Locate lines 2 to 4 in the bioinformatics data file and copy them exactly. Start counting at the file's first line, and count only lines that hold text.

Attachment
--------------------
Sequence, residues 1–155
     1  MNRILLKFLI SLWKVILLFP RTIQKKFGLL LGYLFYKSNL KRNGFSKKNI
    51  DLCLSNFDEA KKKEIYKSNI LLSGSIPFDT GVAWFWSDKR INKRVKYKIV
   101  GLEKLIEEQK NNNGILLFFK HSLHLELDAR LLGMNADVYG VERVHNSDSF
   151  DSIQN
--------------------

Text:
     1  MNRILLKFLI SLWKVILLFP RTIQKKFGLL LGYLFYKSNL KRNGFSKKNI
    51  DLCLSNFDEA KKKEIYKSNI LLSGSIPFDT GVAWFWSDKR INKRVKYKIV
   101  GLEKLIEEQK NNNGILLFFK HSLHLELDAR LLGMNADVYG VERVHNSDSF